Current business-as-usual scenarios tend to employ little or no efforts to limit carbon dioxide emissions, often resulting in scenarios with a high reliance on fossil fuels up to and beyond 2050. Yet in recent years, the international community has pledged sustained climate action – committing to substantially reduce carbon emissions and implementing various policies to do so, such as emission-trading schemes and carbon pricing. This makes many business-as-usual scenarios seem obsolete.

In addition, although the likelihood of such scenarios becoming a reality is questionable, the message they project to the wider community could have far reaching consequences. Continuing to present such scenarios gives the impression that modellers themselves believe such a course of action remains a likely, and perhaps acceptable, future. That’s why scenarios presented to the world should be rooted in the current reality, and not based on historical events.

What’s in a name?

Any reference scenario we use should not imply a modus operandi for the global economy. Instead, it should represent a consensus among experts about what the most likely course of events is going to be (however wrong they turn out to be). So perhaps the name “business-as-usual” needs a rethink, too.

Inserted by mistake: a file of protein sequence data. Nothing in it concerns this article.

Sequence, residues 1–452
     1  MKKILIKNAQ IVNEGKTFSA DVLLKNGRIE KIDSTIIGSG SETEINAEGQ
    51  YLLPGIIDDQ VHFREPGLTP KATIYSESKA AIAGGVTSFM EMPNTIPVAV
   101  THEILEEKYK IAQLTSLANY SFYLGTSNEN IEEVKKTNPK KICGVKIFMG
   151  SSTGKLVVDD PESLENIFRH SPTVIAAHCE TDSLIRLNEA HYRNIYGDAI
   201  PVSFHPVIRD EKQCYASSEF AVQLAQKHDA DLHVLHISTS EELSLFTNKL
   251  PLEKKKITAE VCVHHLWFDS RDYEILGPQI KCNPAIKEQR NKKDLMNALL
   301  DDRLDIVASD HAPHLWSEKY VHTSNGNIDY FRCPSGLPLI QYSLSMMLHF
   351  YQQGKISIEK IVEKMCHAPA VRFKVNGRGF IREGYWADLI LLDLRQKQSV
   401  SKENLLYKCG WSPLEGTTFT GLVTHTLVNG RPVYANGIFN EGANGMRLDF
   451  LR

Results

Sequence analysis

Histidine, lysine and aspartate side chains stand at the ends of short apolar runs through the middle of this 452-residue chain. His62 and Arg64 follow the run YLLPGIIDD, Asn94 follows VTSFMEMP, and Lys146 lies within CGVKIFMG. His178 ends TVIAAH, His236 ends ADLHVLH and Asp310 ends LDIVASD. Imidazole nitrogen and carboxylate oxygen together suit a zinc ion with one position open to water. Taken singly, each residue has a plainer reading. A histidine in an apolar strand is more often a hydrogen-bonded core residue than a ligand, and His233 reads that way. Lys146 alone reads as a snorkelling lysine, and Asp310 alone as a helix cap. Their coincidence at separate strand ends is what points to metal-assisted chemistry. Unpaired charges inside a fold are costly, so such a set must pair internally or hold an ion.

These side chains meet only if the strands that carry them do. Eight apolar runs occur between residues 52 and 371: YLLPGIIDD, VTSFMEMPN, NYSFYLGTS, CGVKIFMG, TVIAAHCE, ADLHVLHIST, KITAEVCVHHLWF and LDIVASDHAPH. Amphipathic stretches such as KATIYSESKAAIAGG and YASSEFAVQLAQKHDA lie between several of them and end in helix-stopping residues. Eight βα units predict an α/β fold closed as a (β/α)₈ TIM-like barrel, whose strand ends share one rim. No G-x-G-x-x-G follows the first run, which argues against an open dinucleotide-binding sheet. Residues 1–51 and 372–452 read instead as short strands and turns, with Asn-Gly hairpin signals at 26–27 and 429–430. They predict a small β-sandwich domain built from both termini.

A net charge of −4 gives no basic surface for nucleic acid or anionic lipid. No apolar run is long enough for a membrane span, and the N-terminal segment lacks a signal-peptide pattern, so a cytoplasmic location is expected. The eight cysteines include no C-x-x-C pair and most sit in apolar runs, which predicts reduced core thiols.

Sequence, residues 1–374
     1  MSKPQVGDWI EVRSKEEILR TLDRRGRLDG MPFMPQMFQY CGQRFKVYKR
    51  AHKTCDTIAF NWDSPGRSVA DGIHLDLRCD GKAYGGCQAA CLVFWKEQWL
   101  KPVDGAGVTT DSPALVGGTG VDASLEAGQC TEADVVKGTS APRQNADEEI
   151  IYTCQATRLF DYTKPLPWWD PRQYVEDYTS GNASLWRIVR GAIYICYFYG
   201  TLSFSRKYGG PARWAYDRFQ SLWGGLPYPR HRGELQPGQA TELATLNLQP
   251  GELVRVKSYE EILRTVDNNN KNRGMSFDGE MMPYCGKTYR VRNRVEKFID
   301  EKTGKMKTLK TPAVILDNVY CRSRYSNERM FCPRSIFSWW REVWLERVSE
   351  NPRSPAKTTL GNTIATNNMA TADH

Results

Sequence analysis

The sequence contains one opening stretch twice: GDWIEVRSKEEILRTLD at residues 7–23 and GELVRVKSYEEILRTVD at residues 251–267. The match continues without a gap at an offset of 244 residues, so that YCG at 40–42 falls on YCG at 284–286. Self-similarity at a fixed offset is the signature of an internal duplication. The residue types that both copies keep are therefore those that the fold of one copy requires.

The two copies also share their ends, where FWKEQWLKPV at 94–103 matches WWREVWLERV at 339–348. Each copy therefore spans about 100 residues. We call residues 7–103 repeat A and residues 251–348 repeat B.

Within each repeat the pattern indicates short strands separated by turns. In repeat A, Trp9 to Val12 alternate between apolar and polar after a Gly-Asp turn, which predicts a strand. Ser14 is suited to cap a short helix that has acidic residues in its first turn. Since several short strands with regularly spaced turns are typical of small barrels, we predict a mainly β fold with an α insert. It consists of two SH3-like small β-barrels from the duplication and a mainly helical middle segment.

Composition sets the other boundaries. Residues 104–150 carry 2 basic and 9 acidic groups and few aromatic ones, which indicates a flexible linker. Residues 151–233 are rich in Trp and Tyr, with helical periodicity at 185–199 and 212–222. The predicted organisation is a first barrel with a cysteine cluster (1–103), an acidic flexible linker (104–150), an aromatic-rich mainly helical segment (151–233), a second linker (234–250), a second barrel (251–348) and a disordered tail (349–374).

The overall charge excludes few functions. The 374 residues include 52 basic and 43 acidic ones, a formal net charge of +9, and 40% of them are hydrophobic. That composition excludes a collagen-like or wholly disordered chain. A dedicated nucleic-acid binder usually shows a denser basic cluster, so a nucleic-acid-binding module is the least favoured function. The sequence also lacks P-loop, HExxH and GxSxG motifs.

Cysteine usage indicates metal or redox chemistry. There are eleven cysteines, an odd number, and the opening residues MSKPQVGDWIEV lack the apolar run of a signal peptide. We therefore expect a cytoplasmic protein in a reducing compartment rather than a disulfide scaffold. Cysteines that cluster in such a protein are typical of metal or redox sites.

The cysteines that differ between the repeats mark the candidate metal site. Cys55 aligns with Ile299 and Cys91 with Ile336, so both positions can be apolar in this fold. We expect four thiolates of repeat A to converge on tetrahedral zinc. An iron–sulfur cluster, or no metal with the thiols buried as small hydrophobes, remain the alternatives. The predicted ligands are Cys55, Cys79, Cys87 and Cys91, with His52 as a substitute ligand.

Consider a curve showing carbon dioxide emissions over time. The trajectory we are most interested in is what is most likely to happen given today’s commitments to future policies, business practices and social behaviours – not one that assumes that we go on as we have in the last year or the last century. That’s why some authoritative forecasts, like the International Energy Agency’s Energy Technology Perspectives, now uses the term Reference Technology Scenario (RTS) to describe how the energy system could evolve if we implement the current commitments on energy policy – with the nationally determined contribution (NDC) mitigation targets already included. Note that even this scenario shows a big discrepancy compared with the two degrees scenario (2DS), which is meant to represent the trajectory needed to avoid dangerous climate change and limit temerature rise to two degrees centigrade.